What do Kurtz's last words (The horror! The horror!) mean in Heart of Darkness?
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it means death
When Kurtz says "The Horror! The Horror!" he is reflecting on his own life and feeling remorse at what he's done.
Kurtz has a severe aversion to safe home life. When he says, the horror, the horror, while dying, he is referring to his home life and wife. He uses hidden military life to escape reality. The same is true of its movie remake, apocalypse now, except that horror is the irony of a safe American home in the 1960's during the atomic age.
The life of Mr. kurtz was full of horrible adventures. His career which was at the peak due to his passion of ivory was the result of his evil deeds which he performed in the company of the savages.The words 'The horror!' were the reflection of his awareness of the devilish acts he performed throughout life.While dying Mr. Kurtz didn't find anything to be proud of which was painful for him.He was repenting for his sins and evidently visualising the horror of the hell. This kind of realization cannot come in a hardcore sinner,it can only come to those who have some spark of goodness left in them.
Kurtz is reflecting on his life, since he is about to die, and the way he describe his trip down memory lane was "The horror! the horror." He realizes that his life at the Congo started out really nice with good intentions but it turned him into something horrible.
I chose to reply to this question ("What do Kurtz's last words (The horror! The horror!) mean in Heart of Darkness?") instead of the other one found here at enotes:
"In Heart of Darkness Kurtz says the horror, what did he mean?"
— Because there is an importance to the phrase being repeated, where the first utterance refers to something different than the second utterance. As to their meaning, I can not tell you. It would be "too dark—too dark altogether...." and to give you an idea of just how dark, Conrad himself (or even Marlow) couldn't tell you. For the last words that Kurtz actually pronounced weren't even "The horror! The horror!"
BUT consider that you are yet asking the wrong question. In essence you are asking for a key to understand the real question:
What was the idea that first drove Kurtz out there and enabled him to pertake in such extreme cruelities?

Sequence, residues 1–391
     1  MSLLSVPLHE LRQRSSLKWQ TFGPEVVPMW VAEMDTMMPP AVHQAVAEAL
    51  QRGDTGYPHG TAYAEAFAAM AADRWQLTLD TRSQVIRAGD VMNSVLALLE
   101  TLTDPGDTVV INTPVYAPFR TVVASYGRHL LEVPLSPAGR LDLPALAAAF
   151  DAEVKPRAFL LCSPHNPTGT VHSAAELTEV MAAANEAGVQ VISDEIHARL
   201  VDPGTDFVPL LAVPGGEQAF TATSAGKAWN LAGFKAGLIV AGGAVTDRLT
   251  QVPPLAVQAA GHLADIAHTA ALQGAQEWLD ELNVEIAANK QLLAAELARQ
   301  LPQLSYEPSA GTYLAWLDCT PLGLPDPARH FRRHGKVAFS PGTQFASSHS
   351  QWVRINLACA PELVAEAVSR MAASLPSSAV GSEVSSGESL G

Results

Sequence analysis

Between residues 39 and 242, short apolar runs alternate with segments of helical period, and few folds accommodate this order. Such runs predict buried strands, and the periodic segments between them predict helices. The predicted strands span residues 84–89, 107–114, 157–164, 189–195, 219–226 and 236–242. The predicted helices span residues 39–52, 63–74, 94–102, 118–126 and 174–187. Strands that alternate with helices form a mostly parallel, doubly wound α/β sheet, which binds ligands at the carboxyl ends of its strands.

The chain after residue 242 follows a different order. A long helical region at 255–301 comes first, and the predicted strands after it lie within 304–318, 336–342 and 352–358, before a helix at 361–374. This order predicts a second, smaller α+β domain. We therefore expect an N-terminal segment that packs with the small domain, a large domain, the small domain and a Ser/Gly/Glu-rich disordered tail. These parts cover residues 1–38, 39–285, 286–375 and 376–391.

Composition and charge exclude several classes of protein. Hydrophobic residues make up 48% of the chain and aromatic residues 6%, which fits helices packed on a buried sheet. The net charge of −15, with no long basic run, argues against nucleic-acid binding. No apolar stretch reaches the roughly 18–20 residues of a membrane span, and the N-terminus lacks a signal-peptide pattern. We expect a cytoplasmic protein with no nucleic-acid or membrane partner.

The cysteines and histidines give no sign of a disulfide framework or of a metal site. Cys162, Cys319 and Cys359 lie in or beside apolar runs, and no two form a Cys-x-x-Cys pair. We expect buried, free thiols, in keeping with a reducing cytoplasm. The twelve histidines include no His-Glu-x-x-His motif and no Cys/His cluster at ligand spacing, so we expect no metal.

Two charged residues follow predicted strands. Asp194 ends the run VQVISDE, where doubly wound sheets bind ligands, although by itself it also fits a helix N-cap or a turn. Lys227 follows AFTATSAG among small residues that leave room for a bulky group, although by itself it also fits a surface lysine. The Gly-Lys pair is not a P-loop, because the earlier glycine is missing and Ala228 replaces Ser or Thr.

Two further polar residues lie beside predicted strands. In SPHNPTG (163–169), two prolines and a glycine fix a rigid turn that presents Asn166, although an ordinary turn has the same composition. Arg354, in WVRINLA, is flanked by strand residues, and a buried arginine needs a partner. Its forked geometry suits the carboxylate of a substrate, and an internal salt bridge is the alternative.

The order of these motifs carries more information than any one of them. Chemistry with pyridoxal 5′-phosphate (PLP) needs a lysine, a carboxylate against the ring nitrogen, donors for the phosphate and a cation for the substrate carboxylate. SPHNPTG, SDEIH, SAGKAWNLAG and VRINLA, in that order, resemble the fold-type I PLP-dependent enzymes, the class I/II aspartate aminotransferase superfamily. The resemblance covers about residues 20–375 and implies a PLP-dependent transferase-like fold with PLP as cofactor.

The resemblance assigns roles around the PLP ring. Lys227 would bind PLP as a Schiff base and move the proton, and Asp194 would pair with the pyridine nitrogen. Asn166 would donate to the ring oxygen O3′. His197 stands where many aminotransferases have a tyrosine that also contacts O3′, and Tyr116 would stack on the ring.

Conrad, through Marlow, sets this question up while concluding his commentary about the first Romans that came to England:
"What redeems it is the idea only. An idea at the back of it; not a sentimental pretence but an idea; and an unselfish belief in the idea—something you can set up, and bow down before, and offer a sacrifice to...."
What was that idea?
Marlow had also submitted (while speaking of the Romans):
"think of a decent young citizen in a toga—perhaps too much dice, you know—coming out here in the train of some prefect, or tax-gatherer, or trader even, to mend his fortunes."
And Marlow mentions in the final scene with Kurtz's Intended:
"I had heard that her engagement with Kurtz had been disapproved by her people. He wasn't rich enough or something."
So, please understand my resistance in sharing what Kurtz was really saying (I fear this comment would be deleted). And you probably wouldn't believe me anyway...
"And, by Jove! the impression was so powerful that for me, too, he seemed to have died only yesterday—nay, this very minute. I saw her and him in the same instant of time—his death and her sorrow—I saw her sorrow in the very moment of his death. Do you understand? I saw them together—I heard them together."
Marlow desperately wants Kurtz's final words to demonstarted horror or disgust at the man's violent and destructive efforts in the Congo. Despite insisting that he hates a lie, Marlow is quite happy to lie to himself as he returns to civilization and walks away with a comforting "Christian" interpretation of Kurtz's death.
However, there's nothing to indicate that kind of regret on Kurtz's part. In fact, his "horror" may simply be rooted in his failure at being unable to finish the job--or that he was too weak to exploit even more from the jungle and its people.
Perhaps Kurtz's gazed into the darkness and saw, instead of divine judgement, nothing. Perhaps he glimpsed forward and saw the coming atrocities of the 20th century, their roots already in place due to EUropean colonial efforts. (For example, the first concentration camps were established as part of the German colonial effort to eliminate difficult locals.)
Or maybe Kurtz does regret what he's done, or become.
Conrad makes Kurtz's words deliberately ambiguous.
By striving to become a god, Kurtz lost his humanity and ended up being less than human. He finaly understood how much he had abased himself but it was too late. His life was horrific.
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